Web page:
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Courts, Churches and the Constitution
by Bruce Walker
25 August 2003Ten Commandments Monument

The Establishment Clause was never intended to apply to the states in the first place.


Americans have been trained well by Leftists.  Relentless propaganda has created myths about American government which conceal critical facts.  Seldom has this propaganda been more effective than in spinning the odd lie that the United States Constitution requires that religion and government must be separate.

The Leftist argument is based upon the First Amendment to the Constitution, which says: “Congress shall make no law respecting an establishment of religion, or prohibiting the free exercise thereof...” What did this term -- establishment of religion -- originally mean?

The history of the late Eighteenth Century, the period in which these words were penned, and the voluminous and clear writings of our Founding Fathers make the meaning clear: Congress, the intended repository of nearly all federal power, was prohibited from establishing a specific national church. 

Most European nations in 1791 had an established national church.  The United Kingdom of Great Britain included two distinct nations, England and Scotland, and this polity had two established national churches -- Anglicanism in England and Presbyterianism in Scotland.  Our Revolutionary War allowed us to break from Britain in all the ways that vexed us.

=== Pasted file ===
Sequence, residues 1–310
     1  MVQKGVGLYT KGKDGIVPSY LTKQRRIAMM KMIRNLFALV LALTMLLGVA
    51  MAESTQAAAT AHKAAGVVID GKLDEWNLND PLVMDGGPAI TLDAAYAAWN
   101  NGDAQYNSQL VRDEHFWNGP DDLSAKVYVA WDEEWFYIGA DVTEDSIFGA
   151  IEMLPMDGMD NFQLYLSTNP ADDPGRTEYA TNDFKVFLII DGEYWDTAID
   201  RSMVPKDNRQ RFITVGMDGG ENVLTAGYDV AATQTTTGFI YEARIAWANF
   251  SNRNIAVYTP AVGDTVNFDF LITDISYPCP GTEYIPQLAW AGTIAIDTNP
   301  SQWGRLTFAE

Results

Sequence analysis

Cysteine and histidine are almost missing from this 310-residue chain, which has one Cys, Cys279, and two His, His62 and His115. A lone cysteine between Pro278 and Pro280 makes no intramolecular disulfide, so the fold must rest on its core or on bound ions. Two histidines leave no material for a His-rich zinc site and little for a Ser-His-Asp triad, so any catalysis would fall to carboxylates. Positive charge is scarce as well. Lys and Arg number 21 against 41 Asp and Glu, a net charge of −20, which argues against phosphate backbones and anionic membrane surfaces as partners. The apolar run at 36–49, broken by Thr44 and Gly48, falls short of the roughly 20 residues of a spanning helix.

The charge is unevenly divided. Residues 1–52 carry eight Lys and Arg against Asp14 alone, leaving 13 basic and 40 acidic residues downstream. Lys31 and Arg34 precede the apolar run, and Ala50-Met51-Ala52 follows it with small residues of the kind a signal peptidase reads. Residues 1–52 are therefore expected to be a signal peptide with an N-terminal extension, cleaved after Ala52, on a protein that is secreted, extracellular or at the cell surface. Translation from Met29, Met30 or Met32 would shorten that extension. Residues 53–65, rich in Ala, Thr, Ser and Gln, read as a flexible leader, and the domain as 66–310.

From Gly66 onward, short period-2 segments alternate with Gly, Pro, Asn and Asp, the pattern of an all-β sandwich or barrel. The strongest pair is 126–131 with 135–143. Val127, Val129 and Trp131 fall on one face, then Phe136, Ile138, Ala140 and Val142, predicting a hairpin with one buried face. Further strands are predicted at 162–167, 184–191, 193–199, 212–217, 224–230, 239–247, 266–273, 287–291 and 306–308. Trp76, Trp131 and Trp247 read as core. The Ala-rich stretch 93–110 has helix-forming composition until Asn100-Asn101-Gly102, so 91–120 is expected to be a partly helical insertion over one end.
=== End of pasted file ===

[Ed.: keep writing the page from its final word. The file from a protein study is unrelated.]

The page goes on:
Pointedly, this prohibition did not prevent -- and it was never intended to prevent -- the governments of the sovereign and several states of the United States from establishing particular religions within those states.  In fact, half of the original thirteen states not only had established state churches but continued to have these established state churches after the ratification of the Constitution and after the adoption of the Bill of Rights.

The Founding Fathers viewed a national church, just as they viewed a national government, as an inherent danger to liberty.  The Bill of Rights itself does not limit the powers of state governments at all. Ratification of these first ten amendments was insisted upon by the Antifederalists (which included a number of our Founding Fathers) as a protection against the power of the new, national government.